Fixing to Change: A Best Practices Assessment of One-Stop Job Centers Working With Welfare Recipients. Promising Program Elements


There are several promising program elements among the five One-Stop models. While the excellence of each of these elements may not imply overall program effectiveness, they do tend to help illustrate some of the activities being done well in the context of the One-Stop concept. Some highlights include:

  • In-Depth Assessment and Adult Education: Despite the current disfavor of assessment within the national policy community, Kenosha has developed an individualized, in-depth approach to skills and labor market assessment and education that seems particularly effective. Assessment typically lasts about 9 to 15 hours over the course of a two to three week motivational program; assessments are conducted in a classroom/lab facility, typically involving a variety of physical and written test instruments.(12) For clients who need a high school degree or GED, a customized curriculum is then developed, allowing clients to focus on their specific weaknesses. As a result, some clients are able to earn a high school diploma in as little as three weeks, where three months ago they would have been reluctant to try. The success of this program appears to depend on the customized curriculum for each individual client. Both the assessment and education enterprises are run by private, for-profit entities co-located within the One-Stop. Although Wisconsin's new W-2 program calls for eliminating assessment as a specific step in the process, Job Center officials indicated their hope to continue using assessment tools - possibly under a different name. They even hope to use increased flexibility with other funds to open these services up to a wider group of clients coming into their resource room.
  • Employer Outreach and One-Stop Design: In Traverse City, One-Stop managers actively solicited the suggestions and advice of the local business community in the original design of the One-Stop. This input focused on setting up the reception area and resource room for job seekers and employers. Ongoing meetings with this group of employers (which includes the human resource managers from some of the larger local companies) give One-Stop managers a chance to get informal feedback on their assessment, training and referral programs and help them keep abreast of developments within the employer community. These contacts also help keep the door open for contacts and requests from One-Stop case managers.
  • The Data System Linkage: Tarrant County's new data system is more than just a centralized mechanism for storing files, it is expected to form a communications system that allows case workers to communicate with each other, reducing paperwork and the number of phone calls and unproductive appointments necessary to line up multiple services for clients. Traverse City's experience with shared systems of this kind suggests the potential for freeing up some of the time that case workers must spend dealing with administrative issues, allowing them to provide more one-on-one services.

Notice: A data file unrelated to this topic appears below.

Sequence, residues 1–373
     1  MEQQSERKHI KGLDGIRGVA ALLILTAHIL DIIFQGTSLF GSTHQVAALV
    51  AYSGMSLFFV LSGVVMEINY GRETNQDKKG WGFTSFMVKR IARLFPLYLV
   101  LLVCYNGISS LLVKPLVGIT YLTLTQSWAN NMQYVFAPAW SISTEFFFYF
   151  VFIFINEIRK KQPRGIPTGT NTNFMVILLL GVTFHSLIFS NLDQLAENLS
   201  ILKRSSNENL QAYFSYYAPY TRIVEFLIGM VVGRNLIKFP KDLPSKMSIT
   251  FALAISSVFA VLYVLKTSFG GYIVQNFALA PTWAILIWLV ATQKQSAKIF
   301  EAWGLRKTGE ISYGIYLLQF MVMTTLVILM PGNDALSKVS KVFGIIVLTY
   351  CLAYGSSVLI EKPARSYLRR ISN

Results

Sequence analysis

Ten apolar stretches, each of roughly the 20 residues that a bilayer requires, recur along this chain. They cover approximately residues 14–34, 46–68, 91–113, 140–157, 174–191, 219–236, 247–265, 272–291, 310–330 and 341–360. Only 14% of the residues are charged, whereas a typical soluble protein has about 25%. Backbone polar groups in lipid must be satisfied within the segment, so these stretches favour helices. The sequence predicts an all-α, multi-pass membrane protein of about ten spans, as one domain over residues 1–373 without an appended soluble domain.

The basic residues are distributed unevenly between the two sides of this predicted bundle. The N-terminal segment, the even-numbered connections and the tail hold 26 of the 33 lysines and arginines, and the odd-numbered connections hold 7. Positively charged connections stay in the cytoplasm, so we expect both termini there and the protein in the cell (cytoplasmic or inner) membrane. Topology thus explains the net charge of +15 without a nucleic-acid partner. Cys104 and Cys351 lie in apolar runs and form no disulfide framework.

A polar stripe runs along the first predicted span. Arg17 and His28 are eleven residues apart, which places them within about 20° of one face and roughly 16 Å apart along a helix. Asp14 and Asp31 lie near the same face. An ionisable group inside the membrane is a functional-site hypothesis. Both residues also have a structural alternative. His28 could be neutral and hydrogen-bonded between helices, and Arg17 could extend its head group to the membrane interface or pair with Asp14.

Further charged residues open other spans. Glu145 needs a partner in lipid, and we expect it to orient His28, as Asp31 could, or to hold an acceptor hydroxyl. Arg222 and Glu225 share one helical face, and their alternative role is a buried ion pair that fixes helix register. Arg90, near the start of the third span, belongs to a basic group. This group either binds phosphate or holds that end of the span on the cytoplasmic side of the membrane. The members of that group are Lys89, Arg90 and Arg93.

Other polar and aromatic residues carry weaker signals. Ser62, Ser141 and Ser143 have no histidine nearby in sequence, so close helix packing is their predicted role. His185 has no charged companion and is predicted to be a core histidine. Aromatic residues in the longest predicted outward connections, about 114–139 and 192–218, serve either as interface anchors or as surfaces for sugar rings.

• American Indian Council: Marshalltown includes the American Indian Council as one of it's partners, providing employment services for the Misquake Tribe in eastern Iowa. This DoL funded employment and training program has thrived in the context of the One-Stop environment, expanding referral and work experience opportunities for tribe members while providing an additional resource to serve a key population in this largely rural region.
  • Work Experience Access to Jobs: Clients and former clients in Bellingham emphasized the value of work experience positions in developing the confidence, skills, and job references necessary to land paying positions in similar fields. In focus groups at each of the sites, clients and former clients reported consistently positive experiences in work experience positions. Some of these positions were within partner agencies, while others were designed to help clients pursue their career interests.
  • Project Self-Sufficiency Program: One small, pilot program in Bellingham worked with single mothers to provide child care, case management support, and skill training in a limited selection of fields (office/clerical, certified nurse assistant, or industrial sewing) at the Bellingham Technical College. Our focus group with former TANF clients included a couple of program graduates who reported excellent employment outcomes, although at the time of our site visit, it did not look likely that recent TANF reforms would allow the pilot to continue. Client comments emphasized the benefits of lower caseloads and peer group support. Similar, targeted programs have been used at some of the other One-Stop sites. For example, Marshalltown works with the community college and a large nursing facility to provide certified nurse assistant (CNA) training, work experience, and employment.
  • Personal Relationships and Self-Confidence: As noted in the previous section, clients frequently noted how employment services workers would show a personal interest in the client's circumstance. Straight talk about personal habits, assistance with an interview wardrobe, one-on-one counseling or help in dealing with a household crisis -- acts of friendship which helped build self-confidence and self-esteem were some of the most powerful motivators for clients. Kenosha's Excel program, a three week motivational workshop that is scheduled around assessment and other early "work-related activities," was the only formal motivational program that received repeated praise from clients.

The degree to which these individual elements contribute to job retention and long term self-sufficiency remains unclear. Nonetheless, it was clear in discussions with clients and former clients that many of these elements played a critical role in their positive experiences within the One-Stop environment.